“Blade Runner 2049” stars Ryan Gosling, Harrison Ford, Ana de Armas, and Jared Leto. Released on October 6, 2017, the film is about a new Blade Runner who discovers a terrifying secret that could bring the end of humanity.
The film is directed by Denis Villeneuve, who also directed films such as Prisoners, Enemy, Sicario, and Arrival. It is a sequel to the 1982 science fiction classic, Blade Runner. Ridley Scott’s Blade Runner is considered by many as one of the best sci-fi films of all time due to its visuals and themes. Despite its issues with the pacing, the film went on to inspire many different types of media, such as video games, anime, and many other science fiction films that came after it. One of this weekend’s newest releases is attempting to bring the world of “Blade Runner” back to the big screen, but not as a remake. Instead, we are getting a follow-up that expands the “Blade Runner” universe as well as introducing old and new characters. Throughout his career as a director, Denis Villeneuve has been known for directing original content, so now his biggest challenge is directing a sequel to a critically-acclaimed science fiction film. Based on what I’ve seen so far in the marketing, it looks like he may have accomplished that challenge without any problems. The big question is, how good is it?
The film takes place thirty years after the events of the first film. We are introduced to a new Blade Runner named K, played by Gosling, whose job is to…you guessed it, “retire” bioengineered androids known as replicants. His new mission leads him to several clues that involve replicant reproduction, including the former Blade Runner, Rick Deckard, played by Harrison Ford, who has been missing for…oh, I don’t know, about thirty years! Like its predecessor, “Blade Runner 2049” is a dialogue-driven, neo-noir science fiction film with a story that’s heavy on the interrogation and light on the R-rated violence. In other words, don’t expect it to be an action-filled blockbuster. My only concern going into this film was its running time, which clocks in at around two hours and 40 minutes, and its pacing. The slow pacing was one of the main issues that the first movie encountered when it was released 35 years ago, and the sequel itself was around 40 to 50 minutes longer than its predecessor. So I was a bit skeptical about how it would turn out. Thankfully, I went out of the film feeling both impressed and relieved. Yes, it was slow at some parts, which might put some viewers to sleep, but like Villeneuve’s other films, he was able to make its slow moments, and its plot, engaging as well as visually appealing. I did feel that the film was unnecessarily overlong, but everything that surrounds it was enough to keep me distracted from looking at my watch, including its rich futuristic locations and some interesting new characters. Not only did Ryan Gosling offer a splendid performance as K, but he also gave his character a bit more depth than what I expected. Harrison Ford was also great as Deckard despite the fact that he doesn’t appear until the third act of the movie. Even though he’s not in the film that much, Jared Leto was very impressive as Niander Wallace, a replicant manufacturer who wants to uncover the secrets of replicant reproduction so he can boost his business. One of the main aspects of “Blade Runner” is the film’s setting, which is a grim and realistic dystopian future. With Villeneuve taking charge, he was able to recapture that same atmospheric setting that Ridley Scott introduced and made it just as captivating and immersive as the original. From its breathtaking visuals to its incredible cinematography by Roger Deakins, the world of “Blade Runner 2049” is like reliving the theatrical experience of the first movie, but surprisingly better. Even the musical score by Hans Zimmer was marvelous in enhancing the film’s retro setting.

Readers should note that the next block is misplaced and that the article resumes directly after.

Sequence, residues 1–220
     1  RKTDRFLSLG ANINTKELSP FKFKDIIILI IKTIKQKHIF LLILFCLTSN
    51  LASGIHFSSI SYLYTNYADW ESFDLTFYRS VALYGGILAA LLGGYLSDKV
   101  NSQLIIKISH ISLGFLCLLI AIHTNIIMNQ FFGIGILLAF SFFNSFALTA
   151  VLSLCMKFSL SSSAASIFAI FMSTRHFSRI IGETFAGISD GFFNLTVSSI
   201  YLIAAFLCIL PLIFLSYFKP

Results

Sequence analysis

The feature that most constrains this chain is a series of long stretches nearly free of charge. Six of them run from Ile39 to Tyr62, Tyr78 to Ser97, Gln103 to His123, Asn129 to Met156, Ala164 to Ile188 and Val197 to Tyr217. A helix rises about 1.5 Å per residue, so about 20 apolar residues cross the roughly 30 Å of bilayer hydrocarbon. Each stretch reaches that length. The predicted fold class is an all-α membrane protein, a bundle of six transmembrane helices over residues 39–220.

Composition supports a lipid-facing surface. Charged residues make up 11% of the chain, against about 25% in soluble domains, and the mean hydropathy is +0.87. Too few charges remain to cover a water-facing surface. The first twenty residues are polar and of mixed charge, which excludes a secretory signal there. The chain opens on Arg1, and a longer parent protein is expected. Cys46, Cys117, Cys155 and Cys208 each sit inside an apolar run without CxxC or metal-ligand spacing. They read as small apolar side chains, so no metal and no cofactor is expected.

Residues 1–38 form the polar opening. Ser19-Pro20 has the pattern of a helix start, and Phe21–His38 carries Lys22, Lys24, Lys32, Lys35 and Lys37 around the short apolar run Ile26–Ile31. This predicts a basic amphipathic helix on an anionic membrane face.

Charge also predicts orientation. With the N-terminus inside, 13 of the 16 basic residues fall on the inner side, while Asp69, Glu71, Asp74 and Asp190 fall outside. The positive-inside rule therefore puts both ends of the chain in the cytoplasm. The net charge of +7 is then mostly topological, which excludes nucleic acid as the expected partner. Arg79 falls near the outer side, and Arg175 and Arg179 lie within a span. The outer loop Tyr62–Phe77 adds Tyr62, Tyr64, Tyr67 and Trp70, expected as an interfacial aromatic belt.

Overall, “Blade Runner 2049” successfully expands the world of “Blade Runner” by understanding the materials that were introduced in the first film as well as providing a much more interesting story for old fans and newcomers alike. Not only did I like it more than the original, but its technical achievements are some of the most incredible qualities that I’ve ever seen in a sci-fi movie. I won’t be surprised if this film gets some awards recognition for its visuals and production design. However, I will be surprised if Villeneuve doesn’t get another nomination for his direction. This is a worthy recommendation to those who enjoyed the first film and Villeneuve’s filmography.